When all players choose the dominant strategy, they reach what is called Nash equilibrium in game theory, named after John Nash.

The players in a game has found Nash equilibrium when they all make the choice that leaves them better off no matter what their opponents decide to do.

The prison’s dilemma is just one example of a competitive game but the basic idea behind its solution applies to all sorts of situations. Generally;

When you’re competing with others, it makes sense to choose the course of action that benefits you the most no matter what everyone else decides to do.

Ideally, you should have both stayed silent then you both get 5 years which is less than both the 10 years and then 20 years. But that is an unstable state because you have no way of ascertaining that Musa will also confess. From an individual standpoint, the best course of action is to confess if you have no control over what the other person will do.

The best option becomes to confess to better your own situation, which effectually hurts both the group, which could have gotten 5 years each and yourself. The guys at Crash Course Economics give a brilliant explanation of how game theory applies to real-world economics.

Game Theory and Oligopoly: Crash Course Economics #26

When playing competitive games in the real world things are a little different and you can alter some variables to bend the odds. For example, the situation assumes the players can only play once. But the game changes if the players have a chance to build a relationship and work together to get more gains over time or punish each other by not cooperating. Naval Ravikant explains this really well.

Naval Ravikant: The Prisoner's Dilemma

The prisoner’s dilemma and similar games illustrate how rationality can be problematic in game theory. The issue here is that the theories rely on the assumption that agents are rational players who strive to maximise their utility and payoff. But the conclusions of rational analysis fail to conform to reality because people don’t always act rationally. There’s more to real people. Even in one-off scenarios with no guarantees or obligations and no chance to build a relationship, we’re still concerned about how the group might decide. In real-world studies that ran the prisoner’s dilemma with real people, they didn’t confess over 20% of the time.

Competitive interactions can get much more complicated than the prisoner’s dilemma and there’s a lot more to game theory. But the fundamental point of value is that in a competitive situation, game theory can teach you how to be smart. So it’s definitely worth spending some time understanding it.

If this stuff interests you, check out this game show called Golden Balls which pays on the prisoner’s dilemma.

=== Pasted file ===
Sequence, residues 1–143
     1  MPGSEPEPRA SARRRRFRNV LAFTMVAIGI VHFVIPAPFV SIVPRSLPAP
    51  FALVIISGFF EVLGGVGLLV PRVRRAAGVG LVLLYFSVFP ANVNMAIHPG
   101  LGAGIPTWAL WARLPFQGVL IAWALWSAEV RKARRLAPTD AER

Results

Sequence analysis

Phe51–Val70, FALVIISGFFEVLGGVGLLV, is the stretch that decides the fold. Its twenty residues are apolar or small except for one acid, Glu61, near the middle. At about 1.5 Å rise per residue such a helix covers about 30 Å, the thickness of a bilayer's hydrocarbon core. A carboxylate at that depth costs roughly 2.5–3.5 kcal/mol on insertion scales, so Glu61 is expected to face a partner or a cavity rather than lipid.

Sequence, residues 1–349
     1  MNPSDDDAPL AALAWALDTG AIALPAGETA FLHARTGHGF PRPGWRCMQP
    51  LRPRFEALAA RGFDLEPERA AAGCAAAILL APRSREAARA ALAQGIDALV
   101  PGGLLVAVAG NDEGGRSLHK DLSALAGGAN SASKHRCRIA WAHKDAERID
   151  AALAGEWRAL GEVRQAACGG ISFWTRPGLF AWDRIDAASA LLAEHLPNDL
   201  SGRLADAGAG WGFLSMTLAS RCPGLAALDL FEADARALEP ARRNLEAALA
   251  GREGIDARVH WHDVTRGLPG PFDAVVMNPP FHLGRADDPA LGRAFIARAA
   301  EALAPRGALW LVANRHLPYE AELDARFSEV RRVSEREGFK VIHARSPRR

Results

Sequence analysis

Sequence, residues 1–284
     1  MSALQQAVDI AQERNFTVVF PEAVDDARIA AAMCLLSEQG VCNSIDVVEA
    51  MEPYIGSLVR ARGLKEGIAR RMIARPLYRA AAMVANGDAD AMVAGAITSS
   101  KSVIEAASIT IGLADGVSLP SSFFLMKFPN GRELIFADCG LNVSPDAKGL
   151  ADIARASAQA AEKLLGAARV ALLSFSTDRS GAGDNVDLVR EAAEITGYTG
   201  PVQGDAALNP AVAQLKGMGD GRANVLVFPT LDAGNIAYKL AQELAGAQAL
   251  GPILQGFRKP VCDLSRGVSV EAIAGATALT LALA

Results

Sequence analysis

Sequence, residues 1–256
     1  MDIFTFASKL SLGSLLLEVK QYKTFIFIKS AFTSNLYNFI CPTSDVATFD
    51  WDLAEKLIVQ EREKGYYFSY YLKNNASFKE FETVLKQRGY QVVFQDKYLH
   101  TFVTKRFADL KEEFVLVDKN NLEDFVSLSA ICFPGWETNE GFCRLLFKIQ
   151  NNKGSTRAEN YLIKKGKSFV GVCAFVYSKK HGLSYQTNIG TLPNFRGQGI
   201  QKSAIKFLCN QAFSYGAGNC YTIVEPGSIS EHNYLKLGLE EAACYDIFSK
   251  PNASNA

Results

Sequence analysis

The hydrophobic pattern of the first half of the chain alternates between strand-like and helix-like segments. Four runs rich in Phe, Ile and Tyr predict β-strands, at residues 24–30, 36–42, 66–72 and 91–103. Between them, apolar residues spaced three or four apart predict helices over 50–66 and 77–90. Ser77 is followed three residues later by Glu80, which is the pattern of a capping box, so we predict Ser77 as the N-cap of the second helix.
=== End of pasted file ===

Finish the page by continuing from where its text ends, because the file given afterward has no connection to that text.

golden balls. the weirdest split or steal ever!

And if you’re looking for something a bit more serious, here’s Matt Ridley and Jordan Peterson discussing the prisoner’s dilemma.

The Prisoner's Dilemma Game | Matt Ridley & Jordan B. Peterson

That’s all I have for you this week. If you like the newsletter, consider sharing it with others on Twitter, WhatsApp or Facebook. Hit the thumbs up or thumbs down below to let me know what you think.

I hope I’ve given you something to think about this week and I wish you ever-increasing curiosity.

Until next week.

BK

**2022 Resolutions:**

**Weight:** **Get to 75kg by April 28 and 70kg by July**

This chart is worryingly starting to trend in the wrong direction. I can explain myself though. I have several projects running in parallel and I’m working almost totally round the clock, this means I’m getting very little exercise since most of my day I’m hunched at my desk. I can’t wait to get a bit more time to do other things.

**Sleep: Consistently sleep avg. 8 hours per day**

Averages this week:

Duration:

**7h 23m.**Avg. bedtime:

**01:48**.Avg. wake-up time: 08

**:33**.

I didn’t include this one last week coz the numbers were horrible and I was frankly a little discouraged. Thankfully, jetlag was hitting me hard this week and by 7 - 8 pm I was just finished. I was trying to push myself since I had so much to do but I was out just after midnight on most days.

**Business**: **Start a business in 2022**

I’ve been working on a secret project for the last three months and I’m happy to finally announce that in 2 week’s time, we’ll be launching dealbase.africa, an exciting platform to showcase Africa’s fundraising success, equip founders to raise capital and enable investors to optimise deal flow. Follow dealbase.africa on LinkedIn for more.

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I have a lot of interests so I'm always learning all kinds of things, some of which really challenge my thinking. In the Just Reflections newsletter, I'll be sharing with you a summary of the ideas that challenged my thinking recently and hopefully they will challenge yours too and we grow together.